You can also compute for the CTR using this formula:
Number of Clicks / Number of Impressions x 100
4. Keyword Ranking
This refers to the position of your webpage on the SERPS depending on the keyword search query. You want to monitor this metric because increasing your website ranking also increases the probability of driving traffic to your webpage. How to measure keyword ranking:
- Determine your focus keyword using an SEO rank tracker tool. For example, if you’re in the real estate business based in Chicago, your goal is to appear on the first page every time someone types in queries relating to ‘real estate in Chicago’ or ‘real estate agents in Chicago’ or any keyword you choose. Some best tools for keyword research are Google Keyword Planner, Google Trends, Ahrefs, and Ubersuggest.
- Once you’ve determined the keywords you want to rank for, you can either head over to Google and type those in to see if you’ve secured a high position on the SERPS for those queries. You can opt to do this in a private or incognito window for more accurate results.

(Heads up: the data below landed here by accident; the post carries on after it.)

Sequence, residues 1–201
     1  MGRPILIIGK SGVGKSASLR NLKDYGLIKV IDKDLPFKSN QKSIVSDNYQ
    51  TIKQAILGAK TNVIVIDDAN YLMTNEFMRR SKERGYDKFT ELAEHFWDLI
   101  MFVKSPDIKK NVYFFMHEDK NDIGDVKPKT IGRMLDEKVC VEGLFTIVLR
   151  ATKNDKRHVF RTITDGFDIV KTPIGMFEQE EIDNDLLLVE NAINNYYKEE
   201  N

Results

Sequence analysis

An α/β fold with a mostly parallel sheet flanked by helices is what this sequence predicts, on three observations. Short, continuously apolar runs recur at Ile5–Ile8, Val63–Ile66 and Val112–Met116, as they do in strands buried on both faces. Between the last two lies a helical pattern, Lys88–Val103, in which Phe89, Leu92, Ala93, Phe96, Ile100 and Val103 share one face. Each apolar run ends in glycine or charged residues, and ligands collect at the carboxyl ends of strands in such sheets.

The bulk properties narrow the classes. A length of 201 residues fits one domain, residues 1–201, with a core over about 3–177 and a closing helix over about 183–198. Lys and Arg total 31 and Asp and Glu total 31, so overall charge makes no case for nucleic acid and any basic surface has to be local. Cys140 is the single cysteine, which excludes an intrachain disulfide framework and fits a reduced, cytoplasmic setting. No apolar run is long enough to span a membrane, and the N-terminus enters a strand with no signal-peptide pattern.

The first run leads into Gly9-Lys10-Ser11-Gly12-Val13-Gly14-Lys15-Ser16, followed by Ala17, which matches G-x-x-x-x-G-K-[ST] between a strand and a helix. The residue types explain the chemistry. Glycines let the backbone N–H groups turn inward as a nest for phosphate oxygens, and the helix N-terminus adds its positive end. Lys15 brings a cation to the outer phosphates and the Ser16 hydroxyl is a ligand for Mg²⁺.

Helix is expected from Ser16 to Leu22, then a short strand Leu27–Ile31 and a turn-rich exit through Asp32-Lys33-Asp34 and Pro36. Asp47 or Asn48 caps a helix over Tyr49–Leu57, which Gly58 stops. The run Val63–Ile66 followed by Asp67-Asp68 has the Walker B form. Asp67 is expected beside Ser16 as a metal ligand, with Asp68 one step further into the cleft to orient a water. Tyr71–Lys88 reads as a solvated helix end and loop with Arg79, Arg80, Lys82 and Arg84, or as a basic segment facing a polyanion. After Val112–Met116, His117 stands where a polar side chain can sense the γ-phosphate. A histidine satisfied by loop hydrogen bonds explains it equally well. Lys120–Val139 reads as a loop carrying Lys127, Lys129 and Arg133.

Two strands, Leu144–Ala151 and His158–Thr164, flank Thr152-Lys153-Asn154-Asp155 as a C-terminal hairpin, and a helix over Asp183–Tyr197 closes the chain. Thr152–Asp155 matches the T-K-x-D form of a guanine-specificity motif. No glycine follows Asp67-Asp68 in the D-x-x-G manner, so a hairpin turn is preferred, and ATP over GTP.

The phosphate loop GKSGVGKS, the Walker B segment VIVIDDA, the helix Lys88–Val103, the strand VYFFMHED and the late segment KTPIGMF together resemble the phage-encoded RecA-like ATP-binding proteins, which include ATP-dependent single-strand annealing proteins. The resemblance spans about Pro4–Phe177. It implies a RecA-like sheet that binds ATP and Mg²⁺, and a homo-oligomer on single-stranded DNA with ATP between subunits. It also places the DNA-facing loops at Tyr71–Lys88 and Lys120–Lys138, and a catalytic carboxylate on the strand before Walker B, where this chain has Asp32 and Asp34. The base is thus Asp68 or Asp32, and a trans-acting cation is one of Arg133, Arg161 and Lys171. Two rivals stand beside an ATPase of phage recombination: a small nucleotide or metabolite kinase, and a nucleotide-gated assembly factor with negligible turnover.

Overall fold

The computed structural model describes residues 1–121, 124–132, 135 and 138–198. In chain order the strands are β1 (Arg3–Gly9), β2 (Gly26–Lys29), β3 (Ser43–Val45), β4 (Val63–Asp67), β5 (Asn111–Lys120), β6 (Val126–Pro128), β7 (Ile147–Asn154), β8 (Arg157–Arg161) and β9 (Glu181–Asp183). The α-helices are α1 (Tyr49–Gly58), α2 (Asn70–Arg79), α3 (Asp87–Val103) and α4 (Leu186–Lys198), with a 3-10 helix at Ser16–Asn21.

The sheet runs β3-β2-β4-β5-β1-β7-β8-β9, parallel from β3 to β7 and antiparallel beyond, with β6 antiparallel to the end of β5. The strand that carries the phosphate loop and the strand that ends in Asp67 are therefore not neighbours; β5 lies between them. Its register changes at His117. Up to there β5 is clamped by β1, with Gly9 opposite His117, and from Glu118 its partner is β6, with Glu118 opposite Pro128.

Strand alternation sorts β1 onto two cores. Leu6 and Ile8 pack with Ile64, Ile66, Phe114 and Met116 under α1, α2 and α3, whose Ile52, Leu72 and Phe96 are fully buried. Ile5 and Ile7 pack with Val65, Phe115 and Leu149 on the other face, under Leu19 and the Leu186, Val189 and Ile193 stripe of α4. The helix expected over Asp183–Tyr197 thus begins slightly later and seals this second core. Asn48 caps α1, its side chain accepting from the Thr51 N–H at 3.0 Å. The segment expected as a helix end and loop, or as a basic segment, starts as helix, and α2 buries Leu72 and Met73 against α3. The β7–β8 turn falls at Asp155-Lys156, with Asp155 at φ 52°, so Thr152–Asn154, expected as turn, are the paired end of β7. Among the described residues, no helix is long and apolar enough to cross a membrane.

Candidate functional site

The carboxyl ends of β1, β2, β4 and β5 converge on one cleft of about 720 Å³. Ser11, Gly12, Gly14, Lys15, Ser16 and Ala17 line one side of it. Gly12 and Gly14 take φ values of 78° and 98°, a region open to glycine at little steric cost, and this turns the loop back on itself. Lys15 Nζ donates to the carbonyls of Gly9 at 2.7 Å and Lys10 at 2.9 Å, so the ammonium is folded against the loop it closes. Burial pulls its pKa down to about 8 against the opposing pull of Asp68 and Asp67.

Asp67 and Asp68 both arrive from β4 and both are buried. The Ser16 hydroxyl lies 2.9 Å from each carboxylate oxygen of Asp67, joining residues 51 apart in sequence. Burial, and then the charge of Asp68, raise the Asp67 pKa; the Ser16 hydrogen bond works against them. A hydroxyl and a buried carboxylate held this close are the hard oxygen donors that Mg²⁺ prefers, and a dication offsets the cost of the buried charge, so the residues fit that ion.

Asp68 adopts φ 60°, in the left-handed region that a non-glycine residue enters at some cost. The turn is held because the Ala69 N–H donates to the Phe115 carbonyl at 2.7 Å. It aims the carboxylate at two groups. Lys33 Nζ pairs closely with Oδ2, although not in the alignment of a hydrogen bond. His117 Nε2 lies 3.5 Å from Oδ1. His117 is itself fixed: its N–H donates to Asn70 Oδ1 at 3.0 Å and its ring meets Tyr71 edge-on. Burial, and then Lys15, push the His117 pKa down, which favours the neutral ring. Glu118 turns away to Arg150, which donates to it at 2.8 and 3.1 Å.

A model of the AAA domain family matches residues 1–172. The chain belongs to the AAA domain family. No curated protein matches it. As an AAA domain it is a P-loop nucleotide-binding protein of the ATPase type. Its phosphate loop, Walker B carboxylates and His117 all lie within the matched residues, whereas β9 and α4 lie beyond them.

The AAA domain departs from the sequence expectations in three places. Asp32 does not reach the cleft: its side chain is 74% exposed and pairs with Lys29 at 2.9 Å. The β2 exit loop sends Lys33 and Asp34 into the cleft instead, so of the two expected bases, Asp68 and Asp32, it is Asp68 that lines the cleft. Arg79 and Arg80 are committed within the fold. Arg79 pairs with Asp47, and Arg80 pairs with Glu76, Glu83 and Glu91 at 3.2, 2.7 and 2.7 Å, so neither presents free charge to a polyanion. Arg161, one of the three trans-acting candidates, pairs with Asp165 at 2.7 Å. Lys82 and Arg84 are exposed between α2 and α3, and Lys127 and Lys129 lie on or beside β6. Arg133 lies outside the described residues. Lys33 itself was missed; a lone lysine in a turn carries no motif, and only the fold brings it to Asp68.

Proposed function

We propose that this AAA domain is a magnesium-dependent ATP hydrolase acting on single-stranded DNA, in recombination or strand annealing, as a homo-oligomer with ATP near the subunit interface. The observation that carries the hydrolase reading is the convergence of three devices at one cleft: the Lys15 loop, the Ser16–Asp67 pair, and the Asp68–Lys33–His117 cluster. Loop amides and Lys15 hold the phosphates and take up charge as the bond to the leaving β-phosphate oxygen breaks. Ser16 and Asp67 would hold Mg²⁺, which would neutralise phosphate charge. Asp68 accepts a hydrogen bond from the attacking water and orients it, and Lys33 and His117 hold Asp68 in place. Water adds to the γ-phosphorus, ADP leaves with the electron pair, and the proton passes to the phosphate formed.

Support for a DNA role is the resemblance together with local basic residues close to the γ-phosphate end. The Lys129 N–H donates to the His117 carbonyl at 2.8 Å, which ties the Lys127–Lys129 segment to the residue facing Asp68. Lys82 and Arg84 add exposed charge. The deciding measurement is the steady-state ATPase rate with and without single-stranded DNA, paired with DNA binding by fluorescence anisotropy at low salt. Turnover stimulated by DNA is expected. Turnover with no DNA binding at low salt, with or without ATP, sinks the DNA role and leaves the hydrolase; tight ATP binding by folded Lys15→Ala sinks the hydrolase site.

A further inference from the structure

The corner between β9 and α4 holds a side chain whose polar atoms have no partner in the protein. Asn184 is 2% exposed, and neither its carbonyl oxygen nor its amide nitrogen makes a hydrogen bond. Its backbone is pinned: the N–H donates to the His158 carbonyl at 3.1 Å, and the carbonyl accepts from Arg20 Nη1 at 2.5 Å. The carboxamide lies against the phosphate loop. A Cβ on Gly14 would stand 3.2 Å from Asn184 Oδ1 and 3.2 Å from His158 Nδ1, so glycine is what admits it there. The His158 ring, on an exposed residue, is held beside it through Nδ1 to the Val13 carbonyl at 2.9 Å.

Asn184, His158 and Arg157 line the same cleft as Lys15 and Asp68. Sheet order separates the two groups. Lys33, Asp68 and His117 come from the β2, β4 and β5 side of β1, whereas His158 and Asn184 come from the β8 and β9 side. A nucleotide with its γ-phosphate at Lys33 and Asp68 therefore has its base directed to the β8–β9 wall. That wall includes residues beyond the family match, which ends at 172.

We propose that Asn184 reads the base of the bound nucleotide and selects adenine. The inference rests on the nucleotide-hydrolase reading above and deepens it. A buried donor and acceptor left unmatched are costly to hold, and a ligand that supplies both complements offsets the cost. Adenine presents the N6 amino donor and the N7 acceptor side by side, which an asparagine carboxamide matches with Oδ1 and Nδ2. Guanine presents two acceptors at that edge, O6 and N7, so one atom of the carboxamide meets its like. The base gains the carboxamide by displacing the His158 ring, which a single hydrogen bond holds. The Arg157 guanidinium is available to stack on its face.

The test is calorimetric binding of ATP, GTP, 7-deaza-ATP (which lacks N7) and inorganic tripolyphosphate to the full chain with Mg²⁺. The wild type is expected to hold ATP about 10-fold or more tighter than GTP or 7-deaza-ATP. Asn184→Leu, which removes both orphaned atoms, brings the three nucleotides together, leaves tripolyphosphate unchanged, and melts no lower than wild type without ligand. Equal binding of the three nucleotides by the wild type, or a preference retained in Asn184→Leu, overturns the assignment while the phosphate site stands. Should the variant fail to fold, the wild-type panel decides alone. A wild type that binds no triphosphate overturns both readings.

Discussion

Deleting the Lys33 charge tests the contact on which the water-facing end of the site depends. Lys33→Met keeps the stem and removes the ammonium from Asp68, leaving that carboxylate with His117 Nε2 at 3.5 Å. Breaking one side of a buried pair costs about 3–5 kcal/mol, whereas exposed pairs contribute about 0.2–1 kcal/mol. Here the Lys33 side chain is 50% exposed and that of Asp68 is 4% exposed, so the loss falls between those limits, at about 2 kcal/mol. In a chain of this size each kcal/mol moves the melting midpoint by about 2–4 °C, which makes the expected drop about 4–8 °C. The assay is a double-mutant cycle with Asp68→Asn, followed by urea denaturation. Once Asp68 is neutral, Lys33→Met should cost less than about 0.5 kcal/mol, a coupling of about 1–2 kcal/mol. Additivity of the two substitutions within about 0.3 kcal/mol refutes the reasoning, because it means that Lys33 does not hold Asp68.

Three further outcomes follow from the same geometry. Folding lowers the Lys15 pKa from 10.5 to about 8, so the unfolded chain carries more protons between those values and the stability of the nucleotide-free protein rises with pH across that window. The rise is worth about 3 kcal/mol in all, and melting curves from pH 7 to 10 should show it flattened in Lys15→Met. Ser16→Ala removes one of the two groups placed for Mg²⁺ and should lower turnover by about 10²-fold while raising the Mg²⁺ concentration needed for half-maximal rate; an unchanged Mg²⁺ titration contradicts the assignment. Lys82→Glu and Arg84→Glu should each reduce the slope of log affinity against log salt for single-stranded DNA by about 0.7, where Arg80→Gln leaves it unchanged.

A more technical way to measure your keyword ranking would be through tools like Moz’s Keyword Explorer or Ahref’s Keyword Explorer. These tools allow you to track the keywords you chose and see your progress.
5. Bounce Rate (by page)
This is the number of users who only viewed a single page and left without proceeding to go anywhere else on your website. Why is bounce rate important? Having an increased bounce rate means:
- Your target audience doesn’t find your page relevant.
- The quality of the page is low and there’s nothing that engages them to explore your website further.
- Users have already gathered the information they need.